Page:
Posts Tagged ‘Fahrenheit 451’

What do you think?

As we are performing in the library and what we are doing is such a spectacle, we decided it was best to not test any more ideas in the actual space so that on the day it becomes a one off vision. However, we did still want to test standing on the chairs for a long period of time and practise sacrificing books.  So, we went to the library and got some unwanted books we could practise with.


Three Different Ways of Destroying Books. Taken by Kirsty Jakins 26.4.13

We had two audience members come and watch the performance. We wanted some people to see the movements we will be performing, and ensure they understood how we had got to where we have with our performance.  After one hour and forty five minutes, we got down from the chairs and stopped sacrificing the books in our individual ways i.e. scrubbing, pricking and dunking in water.  Visually, our audience seemed to be attracted to the performance as the destroying ways are contrasting when it comes to sound and sight.

Remains of the 'Pricking Method' Taken by Kirsty Jakins 26.4.13

Remains of the ‘Water Method’ Taken by Kirsty Jakins 26.4.13 Remains of the ‘Pricking Method’ Taken by Kirsty Jakins 26.4.13

The novel Fahrenheit 541 was mentioned in post performance discussion, which presents a future American society where all books are outlawed and firemen burn all houses that contain them. It relates back to this idea of book burning throughout history, which we have looked into over our process. Books such as Darwin’s Origin Of Species have been under ridicule due to religion, which is one of the elements we wanted to put across in our performance. Within Bradbury’s novel ‘books are no longer symbols of technological process –of power and knowledge- but rather of wisdom’1. This gap between religion and fact has been occurring for hundreds of years throughout history and by wearing religion and destroying knowledge we arebringing that to attention.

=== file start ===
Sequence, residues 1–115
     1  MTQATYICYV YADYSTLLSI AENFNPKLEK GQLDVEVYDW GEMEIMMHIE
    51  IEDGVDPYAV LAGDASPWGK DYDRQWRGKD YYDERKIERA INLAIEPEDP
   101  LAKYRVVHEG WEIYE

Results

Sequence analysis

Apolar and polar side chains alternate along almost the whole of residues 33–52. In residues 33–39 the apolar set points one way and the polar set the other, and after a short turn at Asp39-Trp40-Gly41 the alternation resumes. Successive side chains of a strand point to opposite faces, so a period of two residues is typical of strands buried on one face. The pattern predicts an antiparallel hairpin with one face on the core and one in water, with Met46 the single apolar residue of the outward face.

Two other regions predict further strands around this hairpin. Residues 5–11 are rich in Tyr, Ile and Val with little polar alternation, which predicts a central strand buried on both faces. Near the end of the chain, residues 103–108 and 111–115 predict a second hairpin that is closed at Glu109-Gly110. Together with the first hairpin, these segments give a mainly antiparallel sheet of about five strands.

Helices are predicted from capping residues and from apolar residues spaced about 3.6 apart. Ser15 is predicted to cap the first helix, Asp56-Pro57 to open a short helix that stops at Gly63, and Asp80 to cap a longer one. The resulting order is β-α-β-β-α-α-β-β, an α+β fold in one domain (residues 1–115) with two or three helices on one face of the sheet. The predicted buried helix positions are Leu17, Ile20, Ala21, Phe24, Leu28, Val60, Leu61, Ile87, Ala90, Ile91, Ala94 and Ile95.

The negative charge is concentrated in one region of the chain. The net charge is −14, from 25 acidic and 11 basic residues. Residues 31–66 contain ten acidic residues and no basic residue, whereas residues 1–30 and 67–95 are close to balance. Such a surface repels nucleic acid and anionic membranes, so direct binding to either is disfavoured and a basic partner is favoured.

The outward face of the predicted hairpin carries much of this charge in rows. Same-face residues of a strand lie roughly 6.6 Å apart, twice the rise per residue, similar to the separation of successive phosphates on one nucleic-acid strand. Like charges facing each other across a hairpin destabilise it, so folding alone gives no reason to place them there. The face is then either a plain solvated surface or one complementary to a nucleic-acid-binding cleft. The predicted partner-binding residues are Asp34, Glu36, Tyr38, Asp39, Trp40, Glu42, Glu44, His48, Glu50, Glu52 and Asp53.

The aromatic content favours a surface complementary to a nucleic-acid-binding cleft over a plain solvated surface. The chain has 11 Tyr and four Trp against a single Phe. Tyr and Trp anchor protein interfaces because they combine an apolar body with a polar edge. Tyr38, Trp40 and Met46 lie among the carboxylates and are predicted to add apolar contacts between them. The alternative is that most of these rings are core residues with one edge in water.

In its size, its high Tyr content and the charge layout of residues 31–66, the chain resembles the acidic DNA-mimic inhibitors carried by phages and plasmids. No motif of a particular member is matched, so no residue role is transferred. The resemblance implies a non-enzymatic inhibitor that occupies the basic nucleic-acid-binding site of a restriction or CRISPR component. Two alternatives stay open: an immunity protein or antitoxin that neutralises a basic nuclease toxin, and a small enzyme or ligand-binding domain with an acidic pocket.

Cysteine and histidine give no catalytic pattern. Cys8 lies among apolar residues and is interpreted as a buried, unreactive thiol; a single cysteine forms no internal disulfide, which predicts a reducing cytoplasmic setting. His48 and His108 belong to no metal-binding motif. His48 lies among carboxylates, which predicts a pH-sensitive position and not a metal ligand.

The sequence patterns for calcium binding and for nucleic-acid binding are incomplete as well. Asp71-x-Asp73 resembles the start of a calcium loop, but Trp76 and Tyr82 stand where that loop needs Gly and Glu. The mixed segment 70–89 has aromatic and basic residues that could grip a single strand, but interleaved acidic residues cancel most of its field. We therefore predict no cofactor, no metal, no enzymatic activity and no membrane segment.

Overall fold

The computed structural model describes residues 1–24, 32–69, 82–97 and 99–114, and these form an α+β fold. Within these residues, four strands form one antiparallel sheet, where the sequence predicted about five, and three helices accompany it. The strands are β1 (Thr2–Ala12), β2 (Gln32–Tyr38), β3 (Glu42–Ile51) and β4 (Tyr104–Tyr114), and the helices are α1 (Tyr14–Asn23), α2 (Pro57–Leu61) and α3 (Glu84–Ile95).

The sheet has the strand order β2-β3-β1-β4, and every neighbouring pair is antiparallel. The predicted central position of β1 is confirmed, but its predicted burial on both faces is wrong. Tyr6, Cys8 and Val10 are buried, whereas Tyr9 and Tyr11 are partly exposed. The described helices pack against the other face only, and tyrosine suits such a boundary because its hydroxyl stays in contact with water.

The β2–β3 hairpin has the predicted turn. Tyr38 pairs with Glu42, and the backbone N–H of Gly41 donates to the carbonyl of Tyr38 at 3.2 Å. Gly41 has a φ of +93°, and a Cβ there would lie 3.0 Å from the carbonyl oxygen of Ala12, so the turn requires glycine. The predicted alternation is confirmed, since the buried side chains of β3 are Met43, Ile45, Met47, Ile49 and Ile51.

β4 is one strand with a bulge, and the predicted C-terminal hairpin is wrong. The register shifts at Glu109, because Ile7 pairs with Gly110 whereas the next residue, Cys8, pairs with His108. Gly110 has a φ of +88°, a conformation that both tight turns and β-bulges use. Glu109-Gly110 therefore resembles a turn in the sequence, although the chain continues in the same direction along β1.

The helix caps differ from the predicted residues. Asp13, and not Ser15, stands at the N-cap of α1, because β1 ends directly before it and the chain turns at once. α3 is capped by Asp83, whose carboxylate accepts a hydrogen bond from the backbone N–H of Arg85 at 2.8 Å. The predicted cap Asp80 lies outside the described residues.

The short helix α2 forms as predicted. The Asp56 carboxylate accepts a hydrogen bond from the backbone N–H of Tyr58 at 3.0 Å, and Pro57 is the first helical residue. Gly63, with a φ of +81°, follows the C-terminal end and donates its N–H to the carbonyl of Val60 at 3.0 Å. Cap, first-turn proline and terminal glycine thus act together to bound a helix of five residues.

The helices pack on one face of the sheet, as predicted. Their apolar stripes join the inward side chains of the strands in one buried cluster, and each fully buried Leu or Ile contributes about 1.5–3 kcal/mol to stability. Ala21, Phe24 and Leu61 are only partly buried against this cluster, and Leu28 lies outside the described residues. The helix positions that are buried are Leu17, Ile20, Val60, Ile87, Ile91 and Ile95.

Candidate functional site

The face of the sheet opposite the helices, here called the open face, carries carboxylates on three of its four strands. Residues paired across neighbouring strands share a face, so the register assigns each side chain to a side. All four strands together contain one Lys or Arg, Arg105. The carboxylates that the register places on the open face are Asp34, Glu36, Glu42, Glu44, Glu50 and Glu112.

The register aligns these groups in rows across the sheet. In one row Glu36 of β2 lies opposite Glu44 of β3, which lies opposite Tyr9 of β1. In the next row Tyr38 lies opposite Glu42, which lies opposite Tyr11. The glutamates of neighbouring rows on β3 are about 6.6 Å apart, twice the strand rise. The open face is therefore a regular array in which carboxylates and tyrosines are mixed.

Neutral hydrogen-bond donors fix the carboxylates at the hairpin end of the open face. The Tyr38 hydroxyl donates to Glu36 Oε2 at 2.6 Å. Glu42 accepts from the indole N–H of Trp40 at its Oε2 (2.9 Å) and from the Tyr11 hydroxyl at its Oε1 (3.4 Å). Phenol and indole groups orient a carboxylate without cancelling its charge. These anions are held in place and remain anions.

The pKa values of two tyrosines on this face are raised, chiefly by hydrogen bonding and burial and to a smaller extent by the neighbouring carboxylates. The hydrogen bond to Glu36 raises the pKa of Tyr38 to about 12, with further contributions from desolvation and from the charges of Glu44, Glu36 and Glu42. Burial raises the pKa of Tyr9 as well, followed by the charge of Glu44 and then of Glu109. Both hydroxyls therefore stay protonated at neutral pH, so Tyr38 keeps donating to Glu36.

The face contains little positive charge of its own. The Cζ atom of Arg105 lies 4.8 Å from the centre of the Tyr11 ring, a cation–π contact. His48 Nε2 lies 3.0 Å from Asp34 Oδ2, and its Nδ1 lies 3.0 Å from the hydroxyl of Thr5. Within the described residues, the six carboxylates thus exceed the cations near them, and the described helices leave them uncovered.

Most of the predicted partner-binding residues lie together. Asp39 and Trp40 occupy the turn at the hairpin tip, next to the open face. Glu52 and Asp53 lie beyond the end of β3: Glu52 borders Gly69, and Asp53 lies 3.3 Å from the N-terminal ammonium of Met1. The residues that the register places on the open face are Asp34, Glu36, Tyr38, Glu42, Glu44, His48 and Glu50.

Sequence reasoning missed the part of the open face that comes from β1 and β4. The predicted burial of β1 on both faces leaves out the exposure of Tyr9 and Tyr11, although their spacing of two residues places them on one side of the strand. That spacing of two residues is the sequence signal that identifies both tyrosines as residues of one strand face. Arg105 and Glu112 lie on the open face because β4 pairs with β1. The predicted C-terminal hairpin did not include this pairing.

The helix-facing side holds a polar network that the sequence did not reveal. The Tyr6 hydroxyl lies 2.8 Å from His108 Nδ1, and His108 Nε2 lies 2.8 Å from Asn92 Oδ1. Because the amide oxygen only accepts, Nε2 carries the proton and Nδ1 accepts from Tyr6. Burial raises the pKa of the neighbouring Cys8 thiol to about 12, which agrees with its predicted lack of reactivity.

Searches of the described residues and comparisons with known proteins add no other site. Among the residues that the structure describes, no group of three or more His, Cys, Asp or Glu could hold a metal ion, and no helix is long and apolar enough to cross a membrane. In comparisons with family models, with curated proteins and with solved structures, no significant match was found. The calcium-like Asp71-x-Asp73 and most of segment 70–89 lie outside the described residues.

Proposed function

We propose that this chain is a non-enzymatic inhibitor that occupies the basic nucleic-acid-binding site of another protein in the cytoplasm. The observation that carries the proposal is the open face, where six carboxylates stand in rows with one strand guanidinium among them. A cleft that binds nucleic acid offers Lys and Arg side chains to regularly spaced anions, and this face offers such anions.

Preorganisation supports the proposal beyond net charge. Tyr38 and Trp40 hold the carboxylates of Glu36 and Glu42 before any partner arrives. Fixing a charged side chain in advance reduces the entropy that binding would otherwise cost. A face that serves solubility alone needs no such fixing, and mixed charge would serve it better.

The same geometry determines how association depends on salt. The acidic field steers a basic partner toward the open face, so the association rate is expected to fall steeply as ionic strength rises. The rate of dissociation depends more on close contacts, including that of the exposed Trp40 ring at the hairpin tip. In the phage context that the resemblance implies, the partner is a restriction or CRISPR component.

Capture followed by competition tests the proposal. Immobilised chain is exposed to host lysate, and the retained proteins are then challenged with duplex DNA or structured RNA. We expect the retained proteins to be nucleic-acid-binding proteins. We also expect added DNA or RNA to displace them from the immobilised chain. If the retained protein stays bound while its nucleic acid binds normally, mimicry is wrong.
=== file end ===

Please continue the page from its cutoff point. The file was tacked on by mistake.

The novel also mentions this ‘pleasure to see things eaten, to see things blackened and changed’2 to destroy words, to destroy someone else’s ideas gives this weird pleasure, because you know once it’s destroyed it cannot be put back together. The hardest part of the performance will  be destroying and ripping apart Emile Male’s texts, purely because they are a hundred years old and part of our history. They are extremely hard to get hold of now, especially the copies we have. I guess though that will give our performance the shock value, and really get people thinking about why we are wearing the text.

  1. Bradbury, R. (2004) Fahrenheit 451. (eds.) 5th edition Voyager: London. p62 []
  2. Bradbury, R. Bloom, H. (2006) Fahrenheit 451: Bloom’s Guides. Chelsea House: Pennsylvania. p11 []
Posted: April 30th, 2013
Categories: Les dames des livres
Tags: , ,
Comments: No Comments.
© 2018 Babel. Hosted by University of Lincoln Blogs.